In the adolescent stage and young adulthood, the individual‟s concern is on identity and intimacy where peer groups are developed and issues of intimacies focus on work and social life take shape. Erickson‟s last two stages talk of mid-adulthood and late-adulthood where the focus is children (the future), community, the world and the issues are about meaning and purpose and life achievements.

Though Erickson‟s psychosocial stages are similar to those of Guru Nanak's 500 years ago, Guru Sahib takes it a step forward for us to provide guidance and conclusion.

On that day when I first heard the discourse of Majh ki Vaar, I did not take the time to hear his message. All I could think was "Oh, that‟s so cool! Guru Nanak was talking about human development in his bani and I‟m studying human development at this time."

Now, after I make just a little bit effort into reading more about what Guru Nanak is actually saying, I seem to understand his message a little more clearly. After he paints the picture of the ten phases of life, he tells us not to waste our life just focusing on knowing this or getting stuck in the motion of being in a stage. He has given us the secret to life: not to follow our mind, but instead, to come into the sanctuary of Waheguru's grace so that we do not end up sinking in the sea of blind love full of materialism (a concept that we falsely think of as 'love') - [GGS:137].


[Jasmine Kaur is the Director of Education at the Sikh Research Institute. She has Bachelor's in Sociology and Elementary Education and has completed her Master's of Science in Human Development, with a specialty in Family Studies.]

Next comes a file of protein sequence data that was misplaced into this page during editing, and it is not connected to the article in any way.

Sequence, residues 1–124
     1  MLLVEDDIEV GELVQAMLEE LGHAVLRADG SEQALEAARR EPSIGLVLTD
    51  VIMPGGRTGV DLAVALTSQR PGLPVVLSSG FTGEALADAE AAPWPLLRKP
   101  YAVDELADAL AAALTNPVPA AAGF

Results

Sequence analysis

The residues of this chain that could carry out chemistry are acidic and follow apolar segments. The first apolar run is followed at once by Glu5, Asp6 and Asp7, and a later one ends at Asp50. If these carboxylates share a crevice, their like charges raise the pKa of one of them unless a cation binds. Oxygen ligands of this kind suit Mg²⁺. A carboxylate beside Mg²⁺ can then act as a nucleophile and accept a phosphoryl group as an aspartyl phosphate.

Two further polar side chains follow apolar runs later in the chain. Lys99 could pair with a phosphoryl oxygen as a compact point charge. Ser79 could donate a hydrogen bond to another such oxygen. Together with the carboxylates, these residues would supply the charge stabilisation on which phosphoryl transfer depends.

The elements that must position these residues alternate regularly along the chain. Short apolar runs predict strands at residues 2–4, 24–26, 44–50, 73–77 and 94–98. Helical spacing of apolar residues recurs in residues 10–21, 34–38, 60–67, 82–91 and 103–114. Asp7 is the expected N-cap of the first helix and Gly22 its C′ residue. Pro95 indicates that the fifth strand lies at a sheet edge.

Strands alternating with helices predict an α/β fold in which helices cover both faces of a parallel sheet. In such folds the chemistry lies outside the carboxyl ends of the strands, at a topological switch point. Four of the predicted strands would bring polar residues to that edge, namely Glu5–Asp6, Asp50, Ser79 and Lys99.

June 5, 2010

Conversation about this article

1: Sangat Singh (Kuala Lumpur, Malaysia), June 05, 2010, 5:28 PM.

Jasmine ji, you were touched by the shabad that talked of our human journey. Who wouldn't? Guru Nanak's masterpiece encapsulates all the stages from hatching to dispatching poignantly and most beautifully in Sri Raag on GGS:74-76, starting with 'Pahilai pahrai rain ka vanjaaraai-aamitra hukam pai-i-aa garbaas' - "In the first watch of the night, O my merchant friend, you were cast into the womb by the Lord's command". The final stage at the end of the journey: 'Karh pakee kurh bhajai binsai aa-ay chalai ki-aa maan' - "When the crop of life has matured, it bends, breaks and perishes; why take pride in that which comes and goes". What matchless and incomparably beautiful imagery! Listening to this shabad would surely transport you to the very edge of the ultimate reality. But, in gurbani there is always a respite, that it was still not too late: 'Ki-o-naa har ko naan layhi moorak ni laaj ray/ raam bhat hee-ay aan chhaad dey tai man ko maan/ Nanak jan eh bakhaan jag mei biraaj ray' - [GGS:353.2] - "Why don't you chant the Name of the Lord, you shameless fool, let devotional worship of the Lord enter into your heart ad abandon the intellectualism of your mind. O servant Nanak, this is the way to live in the world." Shakespeare's most oft quoted passage, on the seven ages of man - infant, schoolboy, lover, soldier, justice, pantaloon and final stage, the second childhood sans teeth, sans eyes, sans taste, sans everything, pales as compared to the 'dhur ki bani' and that still presented a chance to remember Him.

2: Hirdesh Sahni (Bangalore, India), June 08, 2010, 6:49 PM.

Dear Jasmine, well written and concluded. An advice that we also get from the ten stages by Guru Nanak is that anger within us burns us. So, we should try to change what angers us, without allowing anger to linger, beyond the point it has made us realize what angers us.